The reason the filename gets doubled is that if $fname is [test], then name="${fname%\.*}" extension="${fname#$name}" results in: name=[test] extension=[test] (Explanation below.) Later, when $extension is concatenated to $newname, you'll get test][test]. What you should have used: name=${fname%.*} extension=${fname#"$name"} The quotes around the ...


0

It's even simpler with rename embedded in a two-liner: while rename ] '' *; do true; done while rename [ '' *; do true; done rename replaces the first occurrence of $1 with $2 in filename(s) in $3+ and this block removes any and all brackets in all file-and-directorynames in CWD.


0

As globbing is done by the shell, there is even no need to call ls or find, echo does the trick: $ echo /tmp/???? /tmp/file $ Only thing is, if there is no file whose name is 4 characters long, it will just print /tmp/???? You might want a one-liner bash script that checks this and also prints one file per line: pattern=/tmp/????? ; for f in $pattern ...


1

Solution posted by @juicebyah will only remove the initial bracket. If OP wants to remove both brackets, it is better to use sed in this way: find . -type f -iname "*[*" | \ while IFS= read -r line; \ do mv "$line" "$(printf %s "$line" | sed -re 's/(\[|\])//g')"; done;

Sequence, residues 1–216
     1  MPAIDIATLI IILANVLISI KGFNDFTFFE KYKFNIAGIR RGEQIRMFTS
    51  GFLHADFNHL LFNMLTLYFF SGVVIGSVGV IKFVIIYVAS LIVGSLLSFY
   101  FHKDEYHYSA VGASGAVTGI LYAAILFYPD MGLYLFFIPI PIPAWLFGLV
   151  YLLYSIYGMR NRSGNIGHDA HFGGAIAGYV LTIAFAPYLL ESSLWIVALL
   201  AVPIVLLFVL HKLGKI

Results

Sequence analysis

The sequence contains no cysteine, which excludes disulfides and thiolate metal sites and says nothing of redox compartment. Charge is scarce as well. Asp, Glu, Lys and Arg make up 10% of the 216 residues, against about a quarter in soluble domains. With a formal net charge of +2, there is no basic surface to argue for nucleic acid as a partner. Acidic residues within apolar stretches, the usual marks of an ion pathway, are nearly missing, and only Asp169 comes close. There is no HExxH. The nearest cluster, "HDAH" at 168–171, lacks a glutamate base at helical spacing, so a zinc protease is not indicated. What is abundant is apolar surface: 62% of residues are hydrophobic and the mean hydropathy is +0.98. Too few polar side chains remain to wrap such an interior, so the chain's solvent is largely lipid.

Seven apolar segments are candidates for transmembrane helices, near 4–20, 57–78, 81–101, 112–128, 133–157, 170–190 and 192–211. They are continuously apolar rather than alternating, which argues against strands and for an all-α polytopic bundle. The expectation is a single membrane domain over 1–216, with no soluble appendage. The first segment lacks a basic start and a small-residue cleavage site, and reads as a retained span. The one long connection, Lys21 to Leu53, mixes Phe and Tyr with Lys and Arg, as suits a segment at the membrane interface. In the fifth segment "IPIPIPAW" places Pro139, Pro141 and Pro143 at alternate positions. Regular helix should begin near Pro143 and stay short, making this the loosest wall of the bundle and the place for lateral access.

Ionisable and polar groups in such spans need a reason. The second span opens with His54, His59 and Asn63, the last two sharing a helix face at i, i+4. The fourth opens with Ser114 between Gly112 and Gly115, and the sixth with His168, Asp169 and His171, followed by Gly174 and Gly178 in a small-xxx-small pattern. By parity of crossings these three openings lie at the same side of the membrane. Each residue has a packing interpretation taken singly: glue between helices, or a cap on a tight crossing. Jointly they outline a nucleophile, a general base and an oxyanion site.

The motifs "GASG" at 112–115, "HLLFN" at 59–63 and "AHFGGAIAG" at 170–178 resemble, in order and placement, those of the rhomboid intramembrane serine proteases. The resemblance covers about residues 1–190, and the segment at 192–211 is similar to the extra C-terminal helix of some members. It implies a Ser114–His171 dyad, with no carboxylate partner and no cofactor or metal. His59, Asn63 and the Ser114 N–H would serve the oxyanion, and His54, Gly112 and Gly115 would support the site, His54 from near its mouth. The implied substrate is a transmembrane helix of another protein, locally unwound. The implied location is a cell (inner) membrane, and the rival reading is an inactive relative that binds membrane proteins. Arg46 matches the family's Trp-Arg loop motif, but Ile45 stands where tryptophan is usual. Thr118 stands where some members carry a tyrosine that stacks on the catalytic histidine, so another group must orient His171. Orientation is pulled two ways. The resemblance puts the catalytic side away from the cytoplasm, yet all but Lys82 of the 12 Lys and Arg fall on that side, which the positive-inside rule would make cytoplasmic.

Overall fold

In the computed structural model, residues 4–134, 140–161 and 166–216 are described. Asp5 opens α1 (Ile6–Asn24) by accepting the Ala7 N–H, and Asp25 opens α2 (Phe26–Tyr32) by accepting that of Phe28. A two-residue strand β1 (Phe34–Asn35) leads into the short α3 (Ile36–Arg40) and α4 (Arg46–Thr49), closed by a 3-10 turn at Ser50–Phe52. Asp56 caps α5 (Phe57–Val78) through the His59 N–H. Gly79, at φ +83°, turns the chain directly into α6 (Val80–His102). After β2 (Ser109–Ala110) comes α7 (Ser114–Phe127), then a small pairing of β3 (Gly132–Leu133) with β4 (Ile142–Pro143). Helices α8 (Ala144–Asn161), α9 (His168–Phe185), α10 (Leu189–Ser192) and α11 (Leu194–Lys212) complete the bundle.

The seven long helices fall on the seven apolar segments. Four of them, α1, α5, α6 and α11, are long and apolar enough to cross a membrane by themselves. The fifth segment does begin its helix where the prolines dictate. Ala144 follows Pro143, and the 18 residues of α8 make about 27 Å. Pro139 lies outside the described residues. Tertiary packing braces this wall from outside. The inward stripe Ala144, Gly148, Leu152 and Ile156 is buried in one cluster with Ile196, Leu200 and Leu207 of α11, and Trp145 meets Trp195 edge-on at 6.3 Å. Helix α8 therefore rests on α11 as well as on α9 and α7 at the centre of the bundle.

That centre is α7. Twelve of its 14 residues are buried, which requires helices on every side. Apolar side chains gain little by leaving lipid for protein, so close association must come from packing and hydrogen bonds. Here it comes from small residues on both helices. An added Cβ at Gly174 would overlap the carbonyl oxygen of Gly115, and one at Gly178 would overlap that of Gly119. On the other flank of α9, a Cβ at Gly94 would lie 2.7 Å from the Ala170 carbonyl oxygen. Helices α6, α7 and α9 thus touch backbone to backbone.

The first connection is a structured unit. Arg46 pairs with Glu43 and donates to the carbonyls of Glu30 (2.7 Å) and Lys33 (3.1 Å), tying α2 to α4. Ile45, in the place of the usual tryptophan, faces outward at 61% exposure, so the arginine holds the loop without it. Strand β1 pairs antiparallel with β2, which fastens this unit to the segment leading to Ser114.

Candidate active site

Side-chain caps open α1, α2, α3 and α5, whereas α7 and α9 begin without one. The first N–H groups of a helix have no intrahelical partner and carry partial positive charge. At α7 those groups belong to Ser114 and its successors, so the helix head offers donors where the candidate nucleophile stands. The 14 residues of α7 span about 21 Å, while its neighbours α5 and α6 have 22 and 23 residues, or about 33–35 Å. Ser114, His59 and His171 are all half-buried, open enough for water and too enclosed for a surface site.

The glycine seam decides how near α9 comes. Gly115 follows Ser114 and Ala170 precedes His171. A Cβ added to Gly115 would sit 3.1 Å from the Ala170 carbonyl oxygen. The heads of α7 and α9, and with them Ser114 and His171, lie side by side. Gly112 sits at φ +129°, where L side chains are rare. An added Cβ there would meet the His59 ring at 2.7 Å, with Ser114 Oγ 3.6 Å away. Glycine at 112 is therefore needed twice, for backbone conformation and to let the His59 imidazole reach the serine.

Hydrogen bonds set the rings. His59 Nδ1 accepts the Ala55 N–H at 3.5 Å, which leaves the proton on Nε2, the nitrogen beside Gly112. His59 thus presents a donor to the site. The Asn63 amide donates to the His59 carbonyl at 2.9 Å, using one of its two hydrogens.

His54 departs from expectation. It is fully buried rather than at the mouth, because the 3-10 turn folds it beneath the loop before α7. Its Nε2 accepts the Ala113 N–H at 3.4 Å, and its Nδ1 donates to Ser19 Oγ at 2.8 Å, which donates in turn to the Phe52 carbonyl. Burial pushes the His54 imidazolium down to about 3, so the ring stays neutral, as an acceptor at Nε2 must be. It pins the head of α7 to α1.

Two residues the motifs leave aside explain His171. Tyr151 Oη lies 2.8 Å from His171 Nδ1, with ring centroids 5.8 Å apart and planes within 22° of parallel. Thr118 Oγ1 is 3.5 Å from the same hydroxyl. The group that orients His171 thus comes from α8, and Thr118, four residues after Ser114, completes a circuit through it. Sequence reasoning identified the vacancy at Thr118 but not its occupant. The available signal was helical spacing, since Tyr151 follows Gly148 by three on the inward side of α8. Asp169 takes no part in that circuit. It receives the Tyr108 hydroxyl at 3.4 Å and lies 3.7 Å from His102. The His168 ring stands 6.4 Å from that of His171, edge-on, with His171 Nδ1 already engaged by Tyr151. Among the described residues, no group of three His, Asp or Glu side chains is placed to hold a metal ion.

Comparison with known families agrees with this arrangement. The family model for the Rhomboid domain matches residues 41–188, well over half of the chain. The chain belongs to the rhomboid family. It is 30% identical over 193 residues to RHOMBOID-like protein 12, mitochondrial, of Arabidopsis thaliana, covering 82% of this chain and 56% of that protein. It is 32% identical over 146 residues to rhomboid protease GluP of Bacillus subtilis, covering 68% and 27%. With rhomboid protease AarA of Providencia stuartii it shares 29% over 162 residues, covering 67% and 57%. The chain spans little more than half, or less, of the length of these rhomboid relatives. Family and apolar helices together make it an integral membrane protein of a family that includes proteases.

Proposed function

0

@Theophrastus has the right idea. According to POSIX "[t]he characters composing the [file] name may be selected from the set of all character values excluding the slash character and the null byte" (my emphasis). In other words, every string between two slashes (except the empty string) is another directory, and you cannot create a file with a name ...


2

i found this one liner and this work : for x in *[*; do mv -- "$x" "${x//[/}"; done this should do the job , just replace left or right bracket each time yu execute this commandl


2

As others have already explained, the problem is that the slashes in your date make touch try to create a directory. Since it can't, it complains. The simplest solution is to change your date format. Instead of this: $ date '+%D %R' 06/07/15 13:47 Use this: $ date '+%F %R' 2015-06-07 13:52 Or, even better, avoid having to deal with spaces and use ...


7

@Theophrastus has the right idea. According to POSIX "[t]he characters composing the [file] name may be selected from the set of all character values excluding the slash character and the null byte" (my emphasis). In other words, every string between two slashes (except the empty string) is another directory, and you cannot create a file with a name ...


2

touch can't make directories. For instance see here I see you have "The directory is there." but you do realize that your date format includes "/" characters which would require more directories, yes?



Top 50 recent answers are included